Systems are designed in a context

I’ve been following a bit of Internet Of Things drama because a company Cease & Desisted a developer who was polling their API for an unofficial Home Assistant Integration.

Thankfully, it looks like the company is now engaging with the Developer and The Home Assistant team, so maybe it can be resolved.

But one of the recurring comments initially was “if they’re saying it costs too much money, they should use a cheaper host than AWS”

Disclosure, my career is helping companies use the right bits of AWS well, and for all my discomfort at the centralisation of the internet into the Hyperscalers – the ability to deploy a website that costs nothing if nobody uses it, yet scales to match demand, is pretty compelling.

“What Context do you mean Gareth?”

Backing up a second, this integration polls the endpoint pretty aggressively, and so could be causing a noticeable spike to API calls, and to the costs experienced by Haier.

If there were about 500 active installs, that could cost something between 500 and 1,500 USD per month, based on the polling rates, probably immaterial in the grand scheme of things, but noticeable.

The context I’m talking about, is that they built this API knowing it wasn’t going to be called that much… many of the interactions customers saw would be driven by push notifications or other event driven things. It’s only called by the app/website when people visit… it was never costed for being called continuously.

They didn’t optimise that cost, because it didn’t make sense to.

But still, why aren’t they doing it cheaper?

Bluntly because “total cost of operation” (TCO) is more than just the compute.

Sure I could just “spin up a VM and do it all myself” but then I’m doing it all myself. I’m suddenly in the realm of patching. I’ve got to do my own auth.

If AWS are terminating your HTTPS endpoint, then AWS are on the hook for the latest HTTP desynchronisation exploit.

When you host stuff on managed services (of any provider) you’re really going hands off, you don’t need an ops team because ultimately, there isn’t generally anything that you can operate… If there’s an outage, often times, you just have to wait for the provider to fix it.

That might feel disempowering, but also, there’s no point having an on-call team and waking someone at 3am to go “Yup, it’s fucked” but be unable to actually fix it.

In summary

There’s usually a cheaper way to deploy things.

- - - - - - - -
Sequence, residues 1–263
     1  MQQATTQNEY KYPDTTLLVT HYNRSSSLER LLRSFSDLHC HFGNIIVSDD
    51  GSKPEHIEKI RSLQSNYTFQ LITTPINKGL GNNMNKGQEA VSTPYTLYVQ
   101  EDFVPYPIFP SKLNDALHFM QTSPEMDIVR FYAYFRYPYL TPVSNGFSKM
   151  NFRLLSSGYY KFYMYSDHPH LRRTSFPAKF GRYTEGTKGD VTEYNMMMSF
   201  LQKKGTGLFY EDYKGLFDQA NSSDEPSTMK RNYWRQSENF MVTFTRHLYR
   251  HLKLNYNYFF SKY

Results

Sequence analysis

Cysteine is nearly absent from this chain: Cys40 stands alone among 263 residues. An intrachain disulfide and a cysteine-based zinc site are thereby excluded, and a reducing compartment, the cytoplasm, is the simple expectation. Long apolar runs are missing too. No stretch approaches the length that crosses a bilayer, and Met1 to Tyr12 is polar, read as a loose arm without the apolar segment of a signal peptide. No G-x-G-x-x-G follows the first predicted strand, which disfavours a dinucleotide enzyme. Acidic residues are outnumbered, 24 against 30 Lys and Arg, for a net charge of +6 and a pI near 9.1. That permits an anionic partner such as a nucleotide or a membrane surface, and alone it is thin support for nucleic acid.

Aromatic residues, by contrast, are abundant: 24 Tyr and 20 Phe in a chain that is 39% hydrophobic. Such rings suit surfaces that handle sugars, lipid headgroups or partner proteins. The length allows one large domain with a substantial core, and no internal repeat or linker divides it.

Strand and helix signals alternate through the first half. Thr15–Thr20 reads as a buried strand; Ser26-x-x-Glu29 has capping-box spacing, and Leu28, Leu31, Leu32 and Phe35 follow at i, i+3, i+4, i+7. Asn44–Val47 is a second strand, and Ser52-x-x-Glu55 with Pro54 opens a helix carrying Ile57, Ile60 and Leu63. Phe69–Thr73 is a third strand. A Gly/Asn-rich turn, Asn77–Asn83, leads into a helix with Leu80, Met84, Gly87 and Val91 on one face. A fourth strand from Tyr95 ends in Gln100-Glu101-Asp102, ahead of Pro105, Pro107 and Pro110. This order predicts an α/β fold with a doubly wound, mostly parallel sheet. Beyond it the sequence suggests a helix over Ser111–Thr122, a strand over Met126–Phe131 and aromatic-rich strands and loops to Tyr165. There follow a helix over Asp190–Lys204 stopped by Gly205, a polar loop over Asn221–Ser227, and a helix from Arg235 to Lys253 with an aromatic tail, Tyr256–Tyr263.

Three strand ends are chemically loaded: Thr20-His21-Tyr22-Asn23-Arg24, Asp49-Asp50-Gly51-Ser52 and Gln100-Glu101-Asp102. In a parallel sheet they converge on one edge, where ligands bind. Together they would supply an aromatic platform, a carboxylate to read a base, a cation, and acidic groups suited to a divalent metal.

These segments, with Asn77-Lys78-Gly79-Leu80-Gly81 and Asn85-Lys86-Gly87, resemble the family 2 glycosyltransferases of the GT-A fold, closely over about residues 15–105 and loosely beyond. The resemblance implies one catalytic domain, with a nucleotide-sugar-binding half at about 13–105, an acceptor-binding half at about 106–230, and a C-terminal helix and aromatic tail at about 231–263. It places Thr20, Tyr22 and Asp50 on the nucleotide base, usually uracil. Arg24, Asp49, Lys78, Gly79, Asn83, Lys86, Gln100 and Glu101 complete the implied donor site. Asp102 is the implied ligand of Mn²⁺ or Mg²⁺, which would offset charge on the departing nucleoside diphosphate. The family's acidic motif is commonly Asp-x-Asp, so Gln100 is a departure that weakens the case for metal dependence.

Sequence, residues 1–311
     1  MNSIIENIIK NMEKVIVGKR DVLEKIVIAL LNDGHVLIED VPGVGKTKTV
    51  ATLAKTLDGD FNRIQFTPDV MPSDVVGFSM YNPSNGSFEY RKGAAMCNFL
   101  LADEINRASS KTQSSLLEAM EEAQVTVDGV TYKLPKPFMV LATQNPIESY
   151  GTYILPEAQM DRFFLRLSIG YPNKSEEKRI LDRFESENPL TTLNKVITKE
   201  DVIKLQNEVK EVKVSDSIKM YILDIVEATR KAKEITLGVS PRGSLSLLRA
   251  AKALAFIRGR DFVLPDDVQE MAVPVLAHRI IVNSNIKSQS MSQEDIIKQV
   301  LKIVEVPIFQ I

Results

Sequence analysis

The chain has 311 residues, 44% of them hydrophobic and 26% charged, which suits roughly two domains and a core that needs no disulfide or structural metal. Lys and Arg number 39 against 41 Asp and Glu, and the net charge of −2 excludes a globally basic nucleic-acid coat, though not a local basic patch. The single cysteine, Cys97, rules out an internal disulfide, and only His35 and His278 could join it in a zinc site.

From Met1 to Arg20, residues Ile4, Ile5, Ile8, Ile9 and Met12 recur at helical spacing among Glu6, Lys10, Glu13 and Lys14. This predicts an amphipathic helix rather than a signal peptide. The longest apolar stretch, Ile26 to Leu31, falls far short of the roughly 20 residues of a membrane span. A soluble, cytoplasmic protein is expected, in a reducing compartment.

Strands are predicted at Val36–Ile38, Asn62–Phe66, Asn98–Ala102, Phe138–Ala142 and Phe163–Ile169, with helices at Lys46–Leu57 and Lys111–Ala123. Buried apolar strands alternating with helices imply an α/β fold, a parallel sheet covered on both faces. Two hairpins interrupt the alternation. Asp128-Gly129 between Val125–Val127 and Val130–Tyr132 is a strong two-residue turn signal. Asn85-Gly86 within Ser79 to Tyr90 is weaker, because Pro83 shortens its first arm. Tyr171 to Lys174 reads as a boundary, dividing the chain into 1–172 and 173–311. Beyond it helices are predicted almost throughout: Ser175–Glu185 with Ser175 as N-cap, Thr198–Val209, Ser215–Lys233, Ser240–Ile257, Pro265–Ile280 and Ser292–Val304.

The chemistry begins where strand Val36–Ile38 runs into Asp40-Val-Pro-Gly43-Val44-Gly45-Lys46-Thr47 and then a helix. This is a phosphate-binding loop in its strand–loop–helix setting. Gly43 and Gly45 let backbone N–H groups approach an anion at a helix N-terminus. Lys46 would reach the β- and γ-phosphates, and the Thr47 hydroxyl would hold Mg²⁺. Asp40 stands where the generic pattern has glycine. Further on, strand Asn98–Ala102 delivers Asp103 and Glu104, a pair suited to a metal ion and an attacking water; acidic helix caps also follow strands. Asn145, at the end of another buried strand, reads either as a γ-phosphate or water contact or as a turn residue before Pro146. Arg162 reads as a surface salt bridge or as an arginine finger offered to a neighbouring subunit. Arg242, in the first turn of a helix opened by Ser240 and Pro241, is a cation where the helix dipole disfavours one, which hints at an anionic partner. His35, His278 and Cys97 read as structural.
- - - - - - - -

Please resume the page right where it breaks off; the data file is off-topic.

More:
The question is “is it actually cheaper, everything else considered?”

Don’t try to second guess other peoples architecture, and if you are going to poll an API, try to do it considerately…

Falsehoods Smart-Device people believe about Home Networks

A few years ago someone posted a great article about the bad assumptions programmers make about names; here’s a similar list about assumptions about home networks and smart devices.

We all remember the excellent Falsehoods people believe about names don’t we?

Having lived with a few smart devices sharing my network for a while, I thought we need a similar one about smart devices and home networking.

Items marked with a * contributed or inspired by @davidmoss

  • The WiFi is always available
  • The WiFi is continuously connected to the internet
  • The WiFi network isn’t hidden
  • The WiFi network isn’t restricted by MAC address so they can be hidden from the user
  • The WiFi network doesn’t use strong authentication like WPA2
  • The WiFi network definitely doesn’t use authentication mentioning the word ‘Enterprise’
  • The user knows the exact authentication type is use for the WiFi, so no need to auto-detect it*
  • There is only a single WiFi network
  • The name of the WiFi network is ASCII*
  • There is only a single access point for the WiFi network
  • Any device connected to the home-network is trusted to control the smart devices on it
  • Smart devices and their controllers are on the same network
  • Devices on the network can connect directly to each other
  • The network is simple, and doesn’t use other technologies such as powerline1
  • All networks have a PC type device to install/configure/upgrade devices (and that device is running Windows)*
  • There is always a DHCP Server*
  • Devices will always get the same IP address on the internal network from the DHCP server
  • DHCP device names don’t have to be explanatory, because nobody ever sees them
  • Devices can have inbound connections from the internet 2
  • The network is reliable without packet loss
  • The connectivity is sufficient for all devices on the network
  • The performance characteristics of the network is constant and doesn’t change across time
  • The Internet connectivity isn’t metered, and there’s no problem downloading lots of data
  • Encryption of traffic is an overhead that isn’t needed on embedded devices
  • Predictable IDs like Serial-Numbers are good default security tokens
  • Unchangeable IDs like Serial-Numbers are acceptable security tokens
  • The device won’t be used as a platform for attacks, so doesn’t need hardened from threats internal and external to the network. 3
  • Devices can be shipped and abandoned. They won’t be used for years, as so any future software vulnerabilities can be ignored
  • IPv6 is for the future, and doesn’t need to be supported4

What have I missed?

  1. These should be layer 2 transparent, but they can disrupt Multicast which can break bonjour
  2. aside from security implications, ISPs are moving to a carrier-grade NAT to work around IPv4 address exhaustion, so inbound ports may not be possible
  3. many devices have a pretty complete Linux stack, at least complete enough for attackers to use
  4. Chicken and Egg this one